It is this sense of differentiated humanity that helps us understand the fears rolezinhos and arrastões produce. I want to propose that the physical vulnerability experienced in these spaces suddenly occupied by Blacks derives from a shared agreement about scales of humanity in which Black lives, considered less valuable—or even outside humanity—and thus having less at stake, represent a formidable threat to those who, by contradistinction, have much more to lose as those who hold the privileges of belonging, property, and personhood. The fear of the Black then becomes the conviction and reaffirmation that Black life is less valuable—Black life is equated with dispossession. Here we are of course in the realm of social symbols and norms and therefore beyond conclusive demonstration. Yet, what explains that even with access to economic resources, spaces of consumption and leisure, and, more broadly, with sweeping government affirmative action policies that target the impoverished and the Black, Blacks are still represented and experienced as foreign to spaces historically associated with privilege? We may want to consider PT’s efforts to redistribute income, improve access to credit, and expand citizenship as attempts at providing Blacks with the material and cultural bases for becoming incorporated, naturalized as it were, into the Brazilian polis. It is conceivable, then, that PT’s practical efforts could, with the corresponding cultural work to replace deep assumptions about Blacks, change the antiblack structure of positionality. When rolezinhos and arrastões are brought together in the dominant imaginary, however, they reveal that Black presence in public (and semipublic) spaces of privilege is suspect at best, and terrifying when in great numbers. Black lives are still and always devalued, and because of that they threaten in ways that the nonblack find unbearable. That Blacks are foreigners in the land of racial democracy is well illustrated in the overwhelming data on Black accumulated and transgenerational material disadvantages as well as death by preventable causes, including police violence. Paixão, Santos, Alves, Rocha, and Waiselfizs, among many others, make the case for Black estrangement from the Brazilian empire-state quite compelling. Black out-of-place-ness gains added evidence when we engage with the everyday manifestations of antiblack dispositions. Arpoador beach, where antiblack battles are ongoing, has been plastered with signs reading “Locals only. Respect it or beat it.” As i write, the litany of senseless Black suffering and death continues. In Rio, by far not the most violent among Brazilian large cities, a fifteen-year-old homeless Black kid was stripped naked, tied to a light post by the neck, and beaten repeatedly by a band of about thirty White motorcyclists, one of whom was armed with a gun, who then proceeded to threaten to kill him. “He said he was going towards Copacabana beach,” as reported in O Globo, “‘for a rolé,’ when he was approached by the men.” A day later, on February 2, 2014, Folha de S.Paulo reported on a video showing another young Black man, twenty-year-old Igor Veras de Oliveira Falcão, suspected of stealing, shot dead at point blank while sitting in the middle of a street in Belford Roxo, in the greater Rio metropolitan region. This time, however, the shooter was a Black man, allegedly private security, who calmly comes down a motorcycle and, in one continuous motion, pulls a gun from his waist and shoots three times at Falcão. The cultural construction of Black life’s worthlessness is amply shared. Blacks are out of place in places of privilege, but they also seem to be out of place regardless of place.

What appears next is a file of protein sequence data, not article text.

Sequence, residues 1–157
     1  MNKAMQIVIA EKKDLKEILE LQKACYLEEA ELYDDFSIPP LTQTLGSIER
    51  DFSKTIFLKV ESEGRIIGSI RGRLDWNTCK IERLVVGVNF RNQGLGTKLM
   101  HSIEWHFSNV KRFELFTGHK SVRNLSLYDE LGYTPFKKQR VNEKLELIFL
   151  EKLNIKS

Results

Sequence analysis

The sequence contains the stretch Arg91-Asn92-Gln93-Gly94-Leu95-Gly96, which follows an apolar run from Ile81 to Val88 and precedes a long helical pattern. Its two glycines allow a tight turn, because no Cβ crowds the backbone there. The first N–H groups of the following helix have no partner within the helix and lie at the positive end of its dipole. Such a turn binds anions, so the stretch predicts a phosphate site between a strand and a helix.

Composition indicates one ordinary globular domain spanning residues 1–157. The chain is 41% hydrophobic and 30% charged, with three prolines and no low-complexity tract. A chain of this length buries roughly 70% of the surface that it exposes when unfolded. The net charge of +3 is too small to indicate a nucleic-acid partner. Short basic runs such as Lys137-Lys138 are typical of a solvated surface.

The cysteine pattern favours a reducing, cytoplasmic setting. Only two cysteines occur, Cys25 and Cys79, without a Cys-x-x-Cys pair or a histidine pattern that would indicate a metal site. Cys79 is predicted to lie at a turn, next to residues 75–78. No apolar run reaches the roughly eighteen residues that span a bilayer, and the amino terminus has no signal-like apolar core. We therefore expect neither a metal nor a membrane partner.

“I’ve Always Been Discriminated Against”
Organizer of the rolezinho in the Shopping Internacional de Guarulhos mall, twenty-year-old Jefferson Luis, also known as MC Jota L, was among the twenty-three arrested in the ensuing mêlée. His sudden notoriety helped his MC career aspirations, and it has given him news media space to reflect on the rolezinhos as well as his motivations, social background, and projects, both individual and collective.
Jefferson is a light-skinned young man who is deeply aware of his social condition. In the videotaped interview, he is dressed in typical hip hop attire—a black T-shirt with a print on it, black cap, jeans, high-top sneakers. His high-pitched, tentative voice, braces, and thin physique produce an interesting, attention-grabbing effect when packaged with his fine-tuned understanding of social dynamics. The aspiring MC sits on the bottom mattress of a bunk bed. The walls are an off-blue, through which cement gray is able to come through. We learn that, until ten days before the interview he shared the sixty-foot square room with eight people: his mother, stepfather, three brothers, sister, and two nephews. (His mother, stepfather, and two brothers have since relocated to a nearby one-room apartment.) His left hand is mostly covered by a tattooed red flower and green leaves; each of the letters of the word “star” is etched on his fingers, starting on the index moving to the little finger.
Jefferson started organizing rolês via Facebook around 2011. He lives in Vila Esperança, about a mile from the mall where, he said, he had never been at ease: “The place was not comfortable, there was always that different look from security, because we are poor. . . . I’ve always felt discriminated against.” He went on to say how, these days, some malls are enforcing a policy of selecting who can go in. “If you look like a criminal [cara de bandido] you can’t go in. For me, that’s prejudice [preconceito]. There’s color prejudice, there’s prejudice against certain types of music. . . . If I had invited rich people, there would be no bad reaction. Do you think they’d call the police to expel those rich people? No way. The mall owner would have looked me up and asked me to invite more people, bring them in because we’re making a profit, he’d say. But because it’s poor people, and black people, they’re beating us up and kicking us out.”